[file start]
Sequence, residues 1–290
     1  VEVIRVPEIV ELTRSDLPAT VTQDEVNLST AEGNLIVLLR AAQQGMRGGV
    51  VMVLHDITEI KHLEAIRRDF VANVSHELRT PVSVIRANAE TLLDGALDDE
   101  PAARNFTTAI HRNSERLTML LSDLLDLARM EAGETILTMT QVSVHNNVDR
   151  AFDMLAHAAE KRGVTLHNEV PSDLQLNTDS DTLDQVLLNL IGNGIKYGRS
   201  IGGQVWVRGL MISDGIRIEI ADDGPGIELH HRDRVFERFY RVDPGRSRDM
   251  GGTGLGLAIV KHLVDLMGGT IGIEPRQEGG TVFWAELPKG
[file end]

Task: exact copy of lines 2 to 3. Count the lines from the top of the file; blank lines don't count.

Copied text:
     1  VEVIRVPEIV ELTRSDLPAT VTQDEVNLST AEGNLIVLLR AAQQGMRGGV
    51  VMVLHDITEI KHLEAIRRDF VANVSHELRT PVSVIRANAE TLLDGALDDE